Yes, I did that. When I first began in surf lifesaving there was a shortage of people with the skills to put a surf carnival together so it would run to time. There is also a lot to be done prior to running functions such as these; there are permissions that need to be done. What I originally wrote then would have been updated several times since as times change but prior to then there was no structure in place to help organisers successfully implement these carnivals.

In the 2011-12 season you were made a Life Member of the Sydney Northern Beaches SLS Branch – how did it feel to receive that?

A tremendous honour. I recall several men stating prior to then ‘don’t know what women are doing joining us, they’ll never become Life Members’, so it was good to see women’s role and contribution acknowledged. Digressing from that slightly, I recall my own father, who was a Surf Lifesaver at Napier in New Zealand in the 1920’s, said to me quietly one day when he came over to visit, ‘you don’t tell the men what to do do you?’.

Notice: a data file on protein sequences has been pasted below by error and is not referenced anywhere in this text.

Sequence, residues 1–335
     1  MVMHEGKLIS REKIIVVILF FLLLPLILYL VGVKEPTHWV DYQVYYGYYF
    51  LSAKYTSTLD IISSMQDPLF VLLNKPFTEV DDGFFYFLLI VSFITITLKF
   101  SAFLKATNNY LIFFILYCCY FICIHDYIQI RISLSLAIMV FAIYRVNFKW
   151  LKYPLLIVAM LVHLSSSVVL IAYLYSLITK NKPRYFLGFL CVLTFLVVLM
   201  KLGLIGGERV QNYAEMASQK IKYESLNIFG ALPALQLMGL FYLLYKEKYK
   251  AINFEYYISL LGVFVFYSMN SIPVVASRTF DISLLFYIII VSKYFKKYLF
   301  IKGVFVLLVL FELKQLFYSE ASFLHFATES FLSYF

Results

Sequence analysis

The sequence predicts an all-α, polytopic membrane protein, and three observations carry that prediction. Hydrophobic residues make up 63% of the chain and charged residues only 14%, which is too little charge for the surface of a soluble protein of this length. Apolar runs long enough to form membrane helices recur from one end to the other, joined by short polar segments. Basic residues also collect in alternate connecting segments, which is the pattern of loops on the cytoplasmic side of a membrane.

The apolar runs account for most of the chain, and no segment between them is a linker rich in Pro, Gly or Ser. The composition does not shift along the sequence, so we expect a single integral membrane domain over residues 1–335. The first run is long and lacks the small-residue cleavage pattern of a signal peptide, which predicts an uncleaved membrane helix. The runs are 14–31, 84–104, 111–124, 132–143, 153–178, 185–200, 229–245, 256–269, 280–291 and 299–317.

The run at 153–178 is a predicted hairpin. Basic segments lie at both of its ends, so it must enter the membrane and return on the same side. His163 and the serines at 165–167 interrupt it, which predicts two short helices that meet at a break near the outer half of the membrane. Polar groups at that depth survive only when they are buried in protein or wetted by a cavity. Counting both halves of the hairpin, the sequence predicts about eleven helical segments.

That ingrained, anti-women, ‘this is the boys club’ attitude ..‘And you can bring tea and scones’, ‘and run fundraisers for us?’ and that’s all relegating …?

Yes; but I can make scones too. (laughs).

You have seen the changes come about though from women being excluded to being included – what shifts in the atmosphere of our surf clubs did you most notice?

I’m not sure what the system for schools was here but I think when these changed and allowed co-ed’s instead of boys down one end of the suburb and the girls up the other I think this contributed to the change, that boys became used to girls being around.